I’ve noticed a trend over the last few years around the democratization of strategy and it’s effect of IT and Business strategy misalignment. Not “Big S” strategy, but rather the explosion of all sorts of “small s” strategies. Cloud Governance strategies, Enterprise Architecture strategies, DevOps strategies, Customer and User Experience strategies and on and on. It’s enough to make even the most technically savvy and ambitious CIO’s head spin (when it’s not shaking with bewilderment and frustration) over the pervasiveness of strategy sprawl in IT and across the business. Supporting and integrating multiple IT strategies with business strategies requires a few key elements. First is executive alignment and support. If the C-suite isn’t aligned and bought in IT is in a weakened position to adequately assess and support Demand. Secondly, strong vendor management is important in ensuring technical requirements and tooling satisfies business requirements without being over-engineered or redundant. A third consideration is how IT plans and budgets for evolving business Demand. Without adopting and maturing an IT Business Management capability, leaders aren’t able to justify and allocate costs that gives them the “Bill of IT”. The fourth area to examine is how you interact with users and stakeholders. Do you have a scalable and repeatable process that insures users are engaged and their issues understood? Let’s look at each area in a bit more detail and consider how adopting each can align and optimize IT and business strategies.
- Leadership alignment matters. In some organizations CIO’s report directly to the CEO. In others, the CIO reports to the CFO. In many cases, if the CFO has an Accounting background, IT is more likely to be viewed as a cost center and fulfillment organization rather than as a strategic partner responsible for driving innovation and change. The CIO may not have the ability to connect IT strategy to business strategy from a planning and budgeting perspective and the strategy just “happens to them” rather than them having a seat at the table and articulating IT capability and capacity requirements in order to proactively enable the strategy. If on the other hand, the CFO has a Finance background, it often increases the investment and risk tolerance leadership has with an understanding that IT investments are investments in the future of the business. Ideally, the CIO is on equal footing with other C-suite colleagues and reports directly to the CEO. This gives CIO’s the best chance to understand and closely correlate IT objectives and strategies to business strategies. Be mindful of your reporting structure and how it may be inhibiting IT performance.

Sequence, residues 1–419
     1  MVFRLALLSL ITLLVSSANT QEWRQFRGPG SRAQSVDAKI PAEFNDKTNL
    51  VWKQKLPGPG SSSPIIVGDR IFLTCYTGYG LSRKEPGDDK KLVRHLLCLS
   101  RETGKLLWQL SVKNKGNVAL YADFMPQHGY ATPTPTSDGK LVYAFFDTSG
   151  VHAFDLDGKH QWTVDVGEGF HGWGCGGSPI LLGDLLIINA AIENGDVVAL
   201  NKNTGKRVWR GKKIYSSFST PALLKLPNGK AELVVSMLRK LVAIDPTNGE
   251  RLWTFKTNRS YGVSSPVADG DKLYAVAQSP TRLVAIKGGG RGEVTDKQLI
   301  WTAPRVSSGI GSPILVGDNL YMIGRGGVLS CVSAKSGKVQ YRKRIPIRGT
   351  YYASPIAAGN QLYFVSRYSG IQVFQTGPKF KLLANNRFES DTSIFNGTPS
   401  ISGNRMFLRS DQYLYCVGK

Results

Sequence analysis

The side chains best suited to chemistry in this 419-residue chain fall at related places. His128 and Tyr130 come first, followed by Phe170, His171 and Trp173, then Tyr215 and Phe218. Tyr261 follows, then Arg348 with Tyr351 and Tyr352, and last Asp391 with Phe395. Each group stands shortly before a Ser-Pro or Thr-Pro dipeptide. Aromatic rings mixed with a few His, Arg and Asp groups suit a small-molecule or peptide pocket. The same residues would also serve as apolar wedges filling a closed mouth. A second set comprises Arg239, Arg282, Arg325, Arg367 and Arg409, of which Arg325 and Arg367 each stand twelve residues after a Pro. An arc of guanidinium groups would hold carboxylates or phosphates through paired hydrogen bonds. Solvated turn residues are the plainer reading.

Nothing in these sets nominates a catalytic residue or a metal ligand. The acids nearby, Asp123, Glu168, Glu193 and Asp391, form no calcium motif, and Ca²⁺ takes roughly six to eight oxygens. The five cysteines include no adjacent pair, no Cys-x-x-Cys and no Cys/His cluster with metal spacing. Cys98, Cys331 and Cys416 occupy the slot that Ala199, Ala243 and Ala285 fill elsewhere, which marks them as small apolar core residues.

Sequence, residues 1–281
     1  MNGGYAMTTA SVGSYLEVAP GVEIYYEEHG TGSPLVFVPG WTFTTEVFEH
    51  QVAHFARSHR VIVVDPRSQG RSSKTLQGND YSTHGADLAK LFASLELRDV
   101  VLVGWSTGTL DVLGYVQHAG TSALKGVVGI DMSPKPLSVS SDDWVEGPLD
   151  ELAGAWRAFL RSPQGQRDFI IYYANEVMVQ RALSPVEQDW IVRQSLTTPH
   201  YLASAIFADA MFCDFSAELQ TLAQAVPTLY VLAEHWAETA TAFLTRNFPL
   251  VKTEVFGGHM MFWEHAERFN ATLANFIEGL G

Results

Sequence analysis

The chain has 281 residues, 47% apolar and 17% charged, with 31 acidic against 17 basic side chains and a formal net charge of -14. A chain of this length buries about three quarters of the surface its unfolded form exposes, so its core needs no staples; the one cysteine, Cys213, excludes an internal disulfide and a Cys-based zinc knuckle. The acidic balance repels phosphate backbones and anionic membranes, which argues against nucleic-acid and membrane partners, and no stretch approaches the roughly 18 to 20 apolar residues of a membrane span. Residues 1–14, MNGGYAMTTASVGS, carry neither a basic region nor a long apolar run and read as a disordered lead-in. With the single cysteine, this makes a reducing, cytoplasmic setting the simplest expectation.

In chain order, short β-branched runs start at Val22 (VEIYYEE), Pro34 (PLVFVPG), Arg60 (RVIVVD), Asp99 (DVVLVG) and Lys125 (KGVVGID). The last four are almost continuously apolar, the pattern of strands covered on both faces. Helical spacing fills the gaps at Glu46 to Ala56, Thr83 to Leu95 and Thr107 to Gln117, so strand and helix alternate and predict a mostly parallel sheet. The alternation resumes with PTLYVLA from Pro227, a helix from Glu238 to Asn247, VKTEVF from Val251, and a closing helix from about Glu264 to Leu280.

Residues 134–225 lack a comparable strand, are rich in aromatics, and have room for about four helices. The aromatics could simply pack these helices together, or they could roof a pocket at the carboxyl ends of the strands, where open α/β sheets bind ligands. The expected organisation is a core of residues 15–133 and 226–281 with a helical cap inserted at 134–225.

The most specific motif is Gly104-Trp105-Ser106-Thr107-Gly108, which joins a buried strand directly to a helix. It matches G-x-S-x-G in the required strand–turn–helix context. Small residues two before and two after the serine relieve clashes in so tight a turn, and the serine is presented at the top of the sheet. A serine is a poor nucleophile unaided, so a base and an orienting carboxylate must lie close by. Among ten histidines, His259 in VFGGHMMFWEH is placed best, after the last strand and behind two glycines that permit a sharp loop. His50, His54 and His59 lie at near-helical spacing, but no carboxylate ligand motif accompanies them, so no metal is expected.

- Vendor Risk Management is fast becoming a standard best practice in many Enterprises. IT leaders are constantly bombarded with new tool vendors and products with competing as well as overlapping capabilities and feature/functionality. A solid IT Strategy incorporates vendor and tool evaluation and management to control costs while still delivering a timely and high-quality product to users. If you don’t have a strong vendor management strategy in place, chances are you have significant associated costs and your tool set may either have missing components or redundant functionality to support business initiatives. User appetite for Applications and SW Platforms continue to increase as users flock to SaaS solutions hoping for a panacea only to become frustrated when implementations fail, upgrades break due to customization and IT costs increase due to over-provisioning. Having a strong Vendor Governance program can reduce and eliminate many of these costs and risks and better align business needs to technical and tooling requirements.